Vinyl Ester Resin Chemical Resistance
Definition - What does Vinyl Ester Resin Chemical Resistance mean?
Vinyl ester resin chemical resistance is the ability of vinyl ester resins to deter chemical attack under normal or elevated temperatures. These resins feature an ester functional group (R-CO2-R’) with an unsaturated hydrocarbon side chain, such as a C=C double bond.
The combination of those properties yield stronger materials than polyesters and provide improved resistance to thermal shock and resistance to solvents, acids and specific oxidants. As such, some formulations of vinyl ester resins are resistant to chemically induced corrosion and therefore can make good corrosion resistant coatings.
Corrosionpedia explains Vinyl Ester Resin Chemical Resistance
Vinyl ester resins are produced from the attack of an epoxy resin with an unsaturated carboxylic acid. The specific choice of an appropriate epoxy resin and carboxylic acid will determine the chemical resistance properties of the resultant vinyl ester resin. Suppliers provide information about the specific benefits of each vinyl ester resin product so the correct resin can be selected for a particular application. Each chemical type is associated with a maximum temperature at which the resin remains resistant to the chemical. Many of these chemicals may also be able to corrode metals.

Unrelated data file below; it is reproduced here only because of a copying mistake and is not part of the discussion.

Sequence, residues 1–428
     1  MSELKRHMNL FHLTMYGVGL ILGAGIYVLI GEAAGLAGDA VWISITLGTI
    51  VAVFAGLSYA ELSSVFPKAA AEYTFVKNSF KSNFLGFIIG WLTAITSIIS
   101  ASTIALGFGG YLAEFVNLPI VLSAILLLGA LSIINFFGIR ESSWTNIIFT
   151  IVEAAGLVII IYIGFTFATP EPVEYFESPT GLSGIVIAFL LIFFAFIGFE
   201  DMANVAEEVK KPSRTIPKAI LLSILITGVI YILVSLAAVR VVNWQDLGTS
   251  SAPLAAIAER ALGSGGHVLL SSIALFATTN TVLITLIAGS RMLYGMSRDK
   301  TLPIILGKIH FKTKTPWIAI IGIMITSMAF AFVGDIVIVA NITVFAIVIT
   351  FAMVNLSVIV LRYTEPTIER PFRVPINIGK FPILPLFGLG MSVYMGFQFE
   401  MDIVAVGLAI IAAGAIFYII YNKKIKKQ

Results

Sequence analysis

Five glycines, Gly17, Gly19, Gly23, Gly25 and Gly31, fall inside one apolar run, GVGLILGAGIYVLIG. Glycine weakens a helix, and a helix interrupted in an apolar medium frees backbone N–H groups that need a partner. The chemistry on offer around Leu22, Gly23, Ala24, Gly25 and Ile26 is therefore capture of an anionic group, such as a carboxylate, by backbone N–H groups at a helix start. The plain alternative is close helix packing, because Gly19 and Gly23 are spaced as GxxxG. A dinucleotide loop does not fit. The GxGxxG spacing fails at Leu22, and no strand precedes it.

The notable chemical resistance advantages of vinyl ester resins include:
- High resistance to chlorinated solvents
- Resistance to acids
- Resistance to halogenated organic substances
- Resistance to various caustics
- Resistance to solvents
- Chemical resistance at high temperatures
The curing process of vinyl ester resins may require from one day to a week to gain maximum resistance properties.